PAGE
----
"The key point isn't so much the specific numbers—it's the trends," said Caruso. "The big picture for the United States is indeed one of growing import dependency—not only for oil—but growing in dependence on natural gas, too."

...(Former CIA Director) Woolsey rejected pushes for fuel cell cars and corn ethanol subsidies, saying that such changes would require a massively expensive and unrealistic conversion of the U.S. infrastructure. He did, however, believe that the United States could eventually become self-reliant, especially if hybrid cars—Woolsey admitted to being on a waiting list for a hybrid car—were promoted and used more aggressively. Hybrid cars can be used in the existing infrastructure.

...Harvard Professor and Co-Chair of the National Commission on Energy Policy John Holdren offered a sharp rebuttal to Felmy's optimistic outlook on global warming.

"Global warming will adversely impact every dimension of human well-being that is tied to the environment," Holdren said. "We are not about to run out of oil; the more interesting question is whether we'll run out of environment."

The event casts a light on the seriousness of the energy challenge faced by the U.S. The real question is: How to move forward?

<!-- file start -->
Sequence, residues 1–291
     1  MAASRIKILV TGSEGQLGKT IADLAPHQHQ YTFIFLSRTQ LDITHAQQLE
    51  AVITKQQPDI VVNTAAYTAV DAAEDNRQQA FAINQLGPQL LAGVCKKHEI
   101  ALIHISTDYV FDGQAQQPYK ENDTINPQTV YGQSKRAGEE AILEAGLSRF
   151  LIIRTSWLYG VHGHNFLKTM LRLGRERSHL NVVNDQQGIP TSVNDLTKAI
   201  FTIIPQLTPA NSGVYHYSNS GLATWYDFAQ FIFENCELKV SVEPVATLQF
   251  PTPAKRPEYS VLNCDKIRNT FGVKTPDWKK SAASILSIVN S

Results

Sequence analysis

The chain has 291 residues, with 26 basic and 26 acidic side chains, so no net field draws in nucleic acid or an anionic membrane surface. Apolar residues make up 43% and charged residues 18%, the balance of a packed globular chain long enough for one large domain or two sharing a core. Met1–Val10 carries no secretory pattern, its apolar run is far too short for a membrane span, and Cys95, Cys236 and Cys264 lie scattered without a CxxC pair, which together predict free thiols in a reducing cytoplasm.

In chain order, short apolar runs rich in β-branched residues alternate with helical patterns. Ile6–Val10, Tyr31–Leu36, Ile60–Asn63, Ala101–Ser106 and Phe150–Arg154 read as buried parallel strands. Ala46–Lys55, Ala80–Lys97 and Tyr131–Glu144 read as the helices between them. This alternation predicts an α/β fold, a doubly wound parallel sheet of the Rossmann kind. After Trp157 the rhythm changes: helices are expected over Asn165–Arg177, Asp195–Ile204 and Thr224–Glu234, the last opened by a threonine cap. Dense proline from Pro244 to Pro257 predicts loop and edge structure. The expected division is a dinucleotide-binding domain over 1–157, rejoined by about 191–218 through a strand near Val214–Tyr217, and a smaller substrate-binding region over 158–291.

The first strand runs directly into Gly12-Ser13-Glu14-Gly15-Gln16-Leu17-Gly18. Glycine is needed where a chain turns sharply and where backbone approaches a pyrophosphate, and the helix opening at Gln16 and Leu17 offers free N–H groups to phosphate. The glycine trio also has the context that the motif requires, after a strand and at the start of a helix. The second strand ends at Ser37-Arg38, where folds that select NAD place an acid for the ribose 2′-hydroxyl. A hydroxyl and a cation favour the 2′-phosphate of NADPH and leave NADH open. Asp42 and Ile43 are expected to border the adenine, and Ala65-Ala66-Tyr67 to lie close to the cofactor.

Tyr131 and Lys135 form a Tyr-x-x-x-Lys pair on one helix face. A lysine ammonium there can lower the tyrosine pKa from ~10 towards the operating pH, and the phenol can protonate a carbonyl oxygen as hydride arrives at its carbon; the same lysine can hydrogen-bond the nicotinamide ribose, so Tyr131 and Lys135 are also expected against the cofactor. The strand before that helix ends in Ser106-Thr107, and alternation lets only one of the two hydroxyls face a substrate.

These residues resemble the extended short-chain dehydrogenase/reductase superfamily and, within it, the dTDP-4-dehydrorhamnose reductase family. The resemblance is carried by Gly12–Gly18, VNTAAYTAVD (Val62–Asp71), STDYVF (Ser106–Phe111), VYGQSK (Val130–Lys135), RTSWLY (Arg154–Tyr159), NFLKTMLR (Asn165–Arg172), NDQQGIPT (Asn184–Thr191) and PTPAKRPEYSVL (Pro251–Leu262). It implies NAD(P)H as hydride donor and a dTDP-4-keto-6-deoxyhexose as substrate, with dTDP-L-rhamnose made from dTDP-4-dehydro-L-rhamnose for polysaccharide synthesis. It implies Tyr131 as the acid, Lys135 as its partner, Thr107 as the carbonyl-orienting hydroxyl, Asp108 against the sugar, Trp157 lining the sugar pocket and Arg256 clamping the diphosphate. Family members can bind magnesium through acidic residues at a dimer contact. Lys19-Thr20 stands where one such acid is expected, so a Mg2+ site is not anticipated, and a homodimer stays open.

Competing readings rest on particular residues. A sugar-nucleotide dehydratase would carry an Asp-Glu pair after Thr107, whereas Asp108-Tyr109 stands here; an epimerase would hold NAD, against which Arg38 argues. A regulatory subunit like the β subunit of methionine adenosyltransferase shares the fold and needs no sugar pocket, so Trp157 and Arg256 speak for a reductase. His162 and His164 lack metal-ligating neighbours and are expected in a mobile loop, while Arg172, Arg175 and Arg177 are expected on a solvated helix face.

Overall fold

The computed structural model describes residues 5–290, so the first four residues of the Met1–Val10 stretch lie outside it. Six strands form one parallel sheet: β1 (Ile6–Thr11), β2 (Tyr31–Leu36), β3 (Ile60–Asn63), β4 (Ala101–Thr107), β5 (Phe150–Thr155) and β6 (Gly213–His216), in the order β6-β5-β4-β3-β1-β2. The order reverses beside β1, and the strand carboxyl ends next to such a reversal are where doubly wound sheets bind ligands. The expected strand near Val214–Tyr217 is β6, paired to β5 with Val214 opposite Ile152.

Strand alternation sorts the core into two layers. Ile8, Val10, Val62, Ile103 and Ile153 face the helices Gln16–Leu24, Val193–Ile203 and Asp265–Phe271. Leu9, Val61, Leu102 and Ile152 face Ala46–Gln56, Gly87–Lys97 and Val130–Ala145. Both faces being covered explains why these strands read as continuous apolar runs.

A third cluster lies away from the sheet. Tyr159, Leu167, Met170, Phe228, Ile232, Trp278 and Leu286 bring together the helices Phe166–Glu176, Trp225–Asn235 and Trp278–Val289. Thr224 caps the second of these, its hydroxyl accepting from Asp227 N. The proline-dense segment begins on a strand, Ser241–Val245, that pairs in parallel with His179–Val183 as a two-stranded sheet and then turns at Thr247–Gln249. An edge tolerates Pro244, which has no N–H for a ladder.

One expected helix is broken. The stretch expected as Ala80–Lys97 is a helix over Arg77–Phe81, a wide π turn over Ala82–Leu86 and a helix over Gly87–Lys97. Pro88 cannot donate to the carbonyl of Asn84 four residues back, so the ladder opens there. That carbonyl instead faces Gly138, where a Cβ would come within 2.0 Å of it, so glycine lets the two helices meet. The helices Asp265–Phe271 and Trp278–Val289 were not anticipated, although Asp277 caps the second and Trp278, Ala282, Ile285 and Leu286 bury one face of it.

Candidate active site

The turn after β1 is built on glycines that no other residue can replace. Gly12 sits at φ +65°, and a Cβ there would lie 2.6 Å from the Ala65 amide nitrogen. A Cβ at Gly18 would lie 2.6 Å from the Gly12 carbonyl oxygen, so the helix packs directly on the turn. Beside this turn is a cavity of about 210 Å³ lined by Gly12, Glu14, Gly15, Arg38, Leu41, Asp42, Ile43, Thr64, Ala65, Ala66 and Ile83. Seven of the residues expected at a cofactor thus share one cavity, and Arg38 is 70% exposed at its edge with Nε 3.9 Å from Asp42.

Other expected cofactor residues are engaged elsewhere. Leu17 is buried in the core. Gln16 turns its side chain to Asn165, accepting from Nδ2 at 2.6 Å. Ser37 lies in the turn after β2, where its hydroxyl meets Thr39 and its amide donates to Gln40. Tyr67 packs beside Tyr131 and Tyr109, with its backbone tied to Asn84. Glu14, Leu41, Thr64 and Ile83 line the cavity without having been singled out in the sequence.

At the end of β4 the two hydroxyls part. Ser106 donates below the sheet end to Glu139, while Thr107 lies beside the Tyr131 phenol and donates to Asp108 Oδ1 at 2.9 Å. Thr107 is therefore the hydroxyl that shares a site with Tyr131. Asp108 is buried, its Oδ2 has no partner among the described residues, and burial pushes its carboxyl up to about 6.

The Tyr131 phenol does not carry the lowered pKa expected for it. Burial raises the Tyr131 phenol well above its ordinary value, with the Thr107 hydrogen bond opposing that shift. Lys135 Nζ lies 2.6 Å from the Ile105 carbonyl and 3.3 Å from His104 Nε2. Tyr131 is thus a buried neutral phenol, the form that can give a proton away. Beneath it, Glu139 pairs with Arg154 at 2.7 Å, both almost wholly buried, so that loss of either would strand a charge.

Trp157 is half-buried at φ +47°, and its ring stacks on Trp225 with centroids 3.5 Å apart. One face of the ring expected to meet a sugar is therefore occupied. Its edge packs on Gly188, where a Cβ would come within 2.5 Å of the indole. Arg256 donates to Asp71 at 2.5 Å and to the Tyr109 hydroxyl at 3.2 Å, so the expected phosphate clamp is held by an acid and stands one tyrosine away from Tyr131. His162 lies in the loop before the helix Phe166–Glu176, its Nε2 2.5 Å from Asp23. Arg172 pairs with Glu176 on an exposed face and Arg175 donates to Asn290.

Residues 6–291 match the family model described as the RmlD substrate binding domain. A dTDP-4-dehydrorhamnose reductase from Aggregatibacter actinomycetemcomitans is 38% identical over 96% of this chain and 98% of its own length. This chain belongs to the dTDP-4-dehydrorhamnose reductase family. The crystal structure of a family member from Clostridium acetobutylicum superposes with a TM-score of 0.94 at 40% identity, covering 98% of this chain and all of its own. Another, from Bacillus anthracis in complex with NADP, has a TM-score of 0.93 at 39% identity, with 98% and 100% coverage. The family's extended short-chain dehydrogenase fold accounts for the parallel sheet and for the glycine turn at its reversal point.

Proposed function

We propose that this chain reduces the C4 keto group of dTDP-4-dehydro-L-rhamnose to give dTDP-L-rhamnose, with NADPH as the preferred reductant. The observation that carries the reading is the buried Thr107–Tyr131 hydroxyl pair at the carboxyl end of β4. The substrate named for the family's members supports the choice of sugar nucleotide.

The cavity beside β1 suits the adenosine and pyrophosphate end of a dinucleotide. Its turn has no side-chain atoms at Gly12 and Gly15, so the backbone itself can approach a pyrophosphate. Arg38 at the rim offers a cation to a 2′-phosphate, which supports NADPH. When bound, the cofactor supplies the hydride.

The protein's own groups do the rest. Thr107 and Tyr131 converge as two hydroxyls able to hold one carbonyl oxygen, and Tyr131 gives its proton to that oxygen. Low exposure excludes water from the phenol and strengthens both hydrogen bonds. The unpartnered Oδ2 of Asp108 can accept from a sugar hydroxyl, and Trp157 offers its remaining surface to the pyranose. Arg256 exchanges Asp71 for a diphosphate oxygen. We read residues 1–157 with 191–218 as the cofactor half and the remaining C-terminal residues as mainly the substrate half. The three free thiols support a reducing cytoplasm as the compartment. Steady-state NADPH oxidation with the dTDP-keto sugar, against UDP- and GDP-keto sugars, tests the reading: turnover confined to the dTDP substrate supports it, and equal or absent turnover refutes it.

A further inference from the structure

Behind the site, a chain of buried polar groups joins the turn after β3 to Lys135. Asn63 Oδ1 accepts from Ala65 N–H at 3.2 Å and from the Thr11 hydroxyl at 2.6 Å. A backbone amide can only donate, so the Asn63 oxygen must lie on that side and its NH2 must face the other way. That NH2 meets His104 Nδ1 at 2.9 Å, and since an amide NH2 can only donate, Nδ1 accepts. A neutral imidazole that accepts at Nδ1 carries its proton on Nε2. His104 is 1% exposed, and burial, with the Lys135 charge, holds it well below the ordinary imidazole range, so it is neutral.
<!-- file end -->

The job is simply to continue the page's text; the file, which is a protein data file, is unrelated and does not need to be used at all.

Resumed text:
Sunday, March 07, 2004

Hydrogen: Hype or Hope?

Jonathan Lash of the WRI writes about Environmental stories to watch in 2004. Of course, Hydrogen is one of the :-) In Hydrogen: Hype or Hope? Lash writes about issues discussed previously on this blog here, here and here.

Saturday, March 06, 2004

Hydrogen -- Farther away than we think

American Physical Society released a report on the federal government's hydrogen initiative. The recommendations of the panel report are:

  • Major scientific breakthroughs are required for the Hydrogen Initiative to succeed. Basic science must have greater emphasis both in planning and in the research program. The Hydrogen Technical Advisory Committee should include members who are deeply familiar with the core basic science problems.

  • “Bridge” technologies (such as hybrid vehicles & internal-combustion hydrogen engines) should be given greater attention.

  • The Hydrogen Initiative should not displace research into promising energy efficiency and renewable energy areas.

  • The complete report can be found here.

    The critical recommendations are actually the last two which warn the federal program to pay closer attention to measures that can be taken in the short run to address the fuel consumption and the greenhouse gas emissions problem.

    Monday, March 01, 2004

    Hydrogen Dreams

    It is this kind of a language that gets me upset about all of the Hydrogen hoopla.

    Governor Arnold Schwarzenegger's top environmental aide told state lawmakers the governor's vision of a "hydrogen highway" that would usher in an age of cleaner cars is realistic by 2010, and won't even cost the state much money.